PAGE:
At the time it seemed like a mistake. A move made out of desperation, like Jose Guillen was the last free-agent outfielder standing. When general manager Bill...
At the time it seemed like a mistake. A move made out of desperation, like Jose Guillen was the last free-agent outfielder standing.
When general manager Bill Bavasi signed Guillen last December the news was greeted with a collective groan. It felt like déjà Carl Everett.
After all, Guillen played in only 69 games for Washington in 2006. He had Tommy John surgery on his right elbow in July. He had shoulder surgery and suffered injuries to his groin, rib cage, biceps and hand.
In Washington, he was a human walking tour of “Grey’s Anatomy.”
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And then there was the matter of his, um, fiery, clubhouse reputation. The suspension by the Los Angeles Angels, for instance, just before the playoffs in 2004 after he objected to being pulled for a pinch-runner.
The Mariners would be his seventh big-league team since 2001. Signing Jose Guillen seemed like it was inviting trouble.
“I don’t know why people always bring the negative stuff,” Guillen said after another positive afternoon. “I’ve always been a positive guy. I’m not that type of player that I’m getting myself in trouble. You never hear about Jose Guillen getting in trouble off the field. I’m just a guy who wants to play every day. I want to earn people’s respect and they’ve given me respect here.”
Now, eight months after his signing, we have to ask ourselves where the M’s would be without him. He has harnessed that fire and taken it onto the field. He has been a clubhouse leader, not a clubhouse lawyer, and provided a spark that has been missing since the halcyon days of 2001.
“They knew what they were getting,” Guillen said. “Nobody can say Jose Guillen doesn’t work hard. I always believed, you work hard and good things will happen. I’ve been working my butt off here and it’s been paying off.”
The Mariners remain a half-game ahead of the Yankees in the wild-card race and only two games behind Los Angeles in the American League West. And, if not for Ichiro, Guillen would be the Mariners’ MVP.
“I’ll tell you what, our organization, starting with Bill Bavasi, deserves a lot of credit, because it was a gamble on this guy. Absolutely a gamble on this guy,” manager John McLaren said. “It’s been a great gamble and it’s paid off for us.
“He’s been a joy to watch play and to talk to. He’s a good man. I think he’s finally found a place where he’s comfortable and he likes everything about the organization. He likes the people. He likes the ballpark. And he likes what we’ve got inside the clubhouse.”
In the first inning of the 11-5 victory Sunday over the dead-in-the-water White Sox, Guillen hit a two-run homer over the Chicago bullpen. He muscled a broken-bat single that scored two more and added a sacrifice fly.
Guillen, 31, finished the day 2 for 3 with five RBI. He’s hitting .289 with 17 home runs and 77 RBI.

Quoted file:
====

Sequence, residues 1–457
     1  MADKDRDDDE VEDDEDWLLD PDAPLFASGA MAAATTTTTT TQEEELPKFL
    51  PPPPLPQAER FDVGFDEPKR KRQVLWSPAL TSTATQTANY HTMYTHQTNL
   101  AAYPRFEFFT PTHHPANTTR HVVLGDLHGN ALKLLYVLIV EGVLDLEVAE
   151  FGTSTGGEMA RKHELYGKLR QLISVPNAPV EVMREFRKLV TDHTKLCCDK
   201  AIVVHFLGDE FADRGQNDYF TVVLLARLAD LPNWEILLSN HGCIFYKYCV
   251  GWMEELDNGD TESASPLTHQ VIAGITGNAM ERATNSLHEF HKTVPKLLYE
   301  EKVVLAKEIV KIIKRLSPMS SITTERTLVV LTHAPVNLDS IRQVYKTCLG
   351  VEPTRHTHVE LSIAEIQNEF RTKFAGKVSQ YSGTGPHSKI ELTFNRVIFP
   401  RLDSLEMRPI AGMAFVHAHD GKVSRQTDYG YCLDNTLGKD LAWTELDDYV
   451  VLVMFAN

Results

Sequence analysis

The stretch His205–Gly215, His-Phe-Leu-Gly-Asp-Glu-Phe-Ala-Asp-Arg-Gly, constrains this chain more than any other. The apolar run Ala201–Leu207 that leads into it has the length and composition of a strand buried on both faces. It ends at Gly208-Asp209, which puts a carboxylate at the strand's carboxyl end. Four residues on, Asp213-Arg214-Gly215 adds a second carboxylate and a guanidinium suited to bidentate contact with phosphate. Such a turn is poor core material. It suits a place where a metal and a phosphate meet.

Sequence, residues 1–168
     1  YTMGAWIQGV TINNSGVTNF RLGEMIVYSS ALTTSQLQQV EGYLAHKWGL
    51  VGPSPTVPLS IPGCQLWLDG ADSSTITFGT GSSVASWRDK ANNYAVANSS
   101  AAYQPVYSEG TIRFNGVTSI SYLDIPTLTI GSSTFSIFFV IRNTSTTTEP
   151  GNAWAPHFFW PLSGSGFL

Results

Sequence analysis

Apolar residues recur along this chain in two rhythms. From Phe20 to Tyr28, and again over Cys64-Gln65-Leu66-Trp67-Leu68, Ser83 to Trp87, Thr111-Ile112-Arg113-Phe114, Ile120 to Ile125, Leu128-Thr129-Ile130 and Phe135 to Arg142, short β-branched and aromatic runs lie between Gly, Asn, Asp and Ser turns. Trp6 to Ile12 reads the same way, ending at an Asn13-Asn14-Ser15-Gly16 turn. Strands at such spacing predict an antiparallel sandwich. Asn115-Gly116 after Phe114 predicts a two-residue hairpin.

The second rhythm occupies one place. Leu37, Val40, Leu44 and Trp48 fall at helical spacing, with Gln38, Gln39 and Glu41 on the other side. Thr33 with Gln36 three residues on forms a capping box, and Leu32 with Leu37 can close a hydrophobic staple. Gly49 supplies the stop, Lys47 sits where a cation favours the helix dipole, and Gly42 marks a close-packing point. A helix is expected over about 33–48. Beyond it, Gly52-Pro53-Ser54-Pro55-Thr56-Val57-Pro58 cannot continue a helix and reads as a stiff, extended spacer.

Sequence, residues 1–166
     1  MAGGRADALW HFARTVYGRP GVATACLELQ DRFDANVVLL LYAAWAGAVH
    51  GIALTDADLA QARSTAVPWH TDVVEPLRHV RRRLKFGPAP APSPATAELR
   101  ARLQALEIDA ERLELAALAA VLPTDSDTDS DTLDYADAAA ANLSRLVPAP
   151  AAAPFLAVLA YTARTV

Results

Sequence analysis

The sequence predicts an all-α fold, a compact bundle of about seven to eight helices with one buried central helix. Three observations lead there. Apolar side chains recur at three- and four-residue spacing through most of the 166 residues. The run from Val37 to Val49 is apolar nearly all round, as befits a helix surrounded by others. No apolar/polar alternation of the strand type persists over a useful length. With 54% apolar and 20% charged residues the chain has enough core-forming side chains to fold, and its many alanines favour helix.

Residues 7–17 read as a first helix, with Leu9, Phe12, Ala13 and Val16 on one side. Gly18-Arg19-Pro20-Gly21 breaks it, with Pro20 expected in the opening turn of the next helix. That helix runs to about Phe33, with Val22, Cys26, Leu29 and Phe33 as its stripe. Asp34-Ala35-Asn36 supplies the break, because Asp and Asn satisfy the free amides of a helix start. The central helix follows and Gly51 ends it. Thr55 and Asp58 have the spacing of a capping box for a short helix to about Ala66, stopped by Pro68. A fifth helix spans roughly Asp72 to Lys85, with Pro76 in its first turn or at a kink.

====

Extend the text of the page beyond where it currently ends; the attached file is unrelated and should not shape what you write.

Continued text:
“I’m very happy because I’m pretty much healthy this year,” he said. “That was my issue that last two years. This year it’s a different Jose Guillen. Now pretty much I’m back to the Jose Guillen I was in the past.”
He plays the game like a prize fighter. Every at-bat is a battle. Every inside pitch is a challenge. He reacts to every fly ball as if he absolutely knows he can make the catch.
He plays the game old school, the way another outfielder from another generation used to play.
“He reminds me of Lou [Piniella] a lot,” McLaren said. “Lou played blood-and-guts-type baseball and then he also had this sentimental side to him. That’s Jose, too.
“Lou had a soft side and Jose’s got this big heart. He really cares about people and I think that’s where people really misunderstand him. He’s not this macho guy who’s all about him.”
Coming into this season, nobody in the clubhouse knew more about Guillen than designated hitter Jose Vidro. After two years in Washington, this is their third consecutive season together.
“This is the best I’ve seen him. He’s happier than ever,” Vidro said. “He’s out of the injuries. The way he smiles every day. He’s got his family here. He has his son here every day and I think that makes it a lot easier for him.
“People got the idea of Guillen being a really tough guy in the clubhouse and this and that. But that’s what you guys have heard from outside. But we here inside who know how everything goes, it’s just the other way around. He just wants to be the man. He wants to be the guy in the middle of everything. He’s been proving a lot of people wrong.”
Guillen is a free agent again at the end of the season, but there is talk the Mariners want to sign him to a two-year extension.
“Sometimes it’s hard for me to walk into another team and just meet people and get to know everybody,” he said. “But I feel comfortable here with all these people. To me this feels like my second home.
“I know it took me a little while to feel comfortable in this clubhouse and get to know everybody. But it’s working out real well for me. It’s been great. I feel welcome. It’s going to be one of my toughest decisions after this season, where do I play next year?”
Signing Guillen was a gamble last December. It’s a no-brainer now.
Steve Kelley: 206-464-2176 or firstname.lastname@example.org.